Testosterone is a hormone that is made primarily in a man’s testicles. Your brain keeps track of how much testosterone is in your blood and tells your testicles when it’s time to make more.
Testosterone is responsible for many male physical characteristics like having body and facial hair. It also plays a role in:
- a man’s sex drive
- sperm production
- muscle mass and bone density
- energy level
- a man’s emotions and sense of well-being
Testosterone levels are measured with a simple blood test, drawn in the morning when testosterone levels are at their peak. A healthy level ranges from 300 to 1,000 ng/dL, although a “normal” levels varies from man to man and changes throughout a man’s lifetime.
As men age, the testes gradually produce less testosterone. Starting at around age 40, testosterone production declines at a rate of about 1 percent a year. This decline is normal and may not cause any symptoms.
Symptoms of Low Testosterone
Low testosterone can be treated if is causing symptoms including:
- Decreased interest in sex
- Trouble getting or keeping an erection
- Trouble getting a woman pregnant because of low sperm count
- Increase in breast size and body fat
- Feelings of irritability, anger or depression
- Trouble concentrating
If the loss of testosterone is severe, it can cause a loss of body hair, a reduction in muscle mass and smaller, softer testicles. It can also cause reduced bone density, which can increase your risk of osteoporosis.
Treatments for Low Testosterone
Testosterone replacement therapy can restore abnormally low levels of testosterone back to an age-appropriate, normal range. It is available in several forms including injections, dissolvable pellets placed under the skin, patches, gels and dissolvable oral tablets.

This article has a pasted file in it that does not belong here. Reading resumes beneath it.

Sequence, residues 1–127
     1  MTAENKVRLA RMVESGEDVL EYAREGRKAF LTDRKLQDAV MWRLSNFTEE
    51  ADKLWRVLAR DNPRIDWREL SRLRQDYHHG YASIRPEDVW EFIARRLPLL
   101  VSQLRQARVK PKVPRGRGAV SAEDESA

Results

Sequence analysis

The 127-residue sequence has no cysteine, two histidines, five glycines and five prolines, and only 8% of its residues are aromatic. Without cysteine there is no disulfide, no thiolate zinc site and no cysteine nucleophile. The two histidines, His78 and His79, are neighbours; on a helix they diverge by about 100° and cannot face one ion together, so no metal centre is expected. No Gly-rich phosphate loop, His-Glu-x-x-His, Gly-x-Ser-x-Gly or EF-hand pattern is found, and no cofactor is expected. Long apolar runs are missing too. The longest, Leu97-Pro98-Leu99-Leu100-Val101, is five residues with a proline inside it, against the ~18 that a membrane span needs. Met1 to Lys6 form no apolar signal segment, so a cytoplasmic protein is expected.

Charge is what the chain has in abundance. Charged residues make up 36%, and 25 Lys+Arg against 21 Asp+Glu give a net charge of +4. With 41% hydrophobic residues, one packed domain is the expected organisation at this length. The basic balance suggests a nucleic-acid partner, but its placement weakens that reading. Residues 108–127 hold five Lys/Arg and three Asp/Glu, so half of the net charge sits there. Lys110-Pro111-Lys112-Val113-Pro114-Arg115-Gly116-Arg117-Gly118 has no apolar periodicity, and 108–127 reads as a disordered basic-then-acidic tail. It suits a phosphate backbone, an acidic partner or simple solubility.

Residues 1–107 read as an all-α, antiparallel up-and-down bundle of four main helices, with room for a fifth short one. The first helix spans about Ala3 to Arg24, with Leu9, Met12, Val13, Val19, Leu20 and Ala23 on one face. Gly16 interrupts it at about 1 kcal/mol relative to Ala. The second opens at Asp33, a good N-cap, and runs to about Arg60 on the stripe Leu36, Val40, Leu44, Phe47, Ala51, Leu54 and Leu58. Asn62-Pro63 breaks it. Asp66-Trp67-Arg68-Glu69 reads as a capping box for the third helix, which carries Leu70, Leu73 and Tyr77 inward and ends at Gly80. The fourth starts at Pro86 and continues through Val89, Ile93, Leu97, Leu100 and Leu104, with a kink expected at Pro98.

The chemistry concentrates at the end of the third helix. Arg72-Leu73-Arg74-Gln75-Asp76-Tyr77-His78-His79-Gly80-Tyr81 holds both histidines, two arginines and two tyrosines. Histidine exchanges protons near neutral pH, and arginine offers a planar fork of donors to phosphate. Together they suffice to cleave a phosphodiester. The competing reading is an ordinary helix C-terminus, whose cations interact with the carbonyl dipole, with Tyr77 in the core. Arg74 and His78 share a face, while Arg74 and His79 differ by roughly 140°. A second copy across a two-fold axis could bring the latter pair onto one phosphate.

There are serious risks associated with testosterone use so men must not take testosterone without their doctor’s supervision.
Will testosterone replacement therapy correct my erectile dysfunction?
The primary cause of erectile dysfunction is usually not low testosterone but rather a blood flow problem caused by high blood pressure, diabetes and stiff artery walls. Correcting testosterone levels alone will not fix erectile dysfunction that is caused by blood flow issues.
How long do I need to take testosterone replacement therapy?
Once a man starts taking testosterone replacement therapy, he needs to continue taking it because his body does not make enough of the hormone on its own. Furthermore, production of testosterone by the testes will decrease over time when a man takes TRT because his brain senses enough testosterone is already circulating in the body.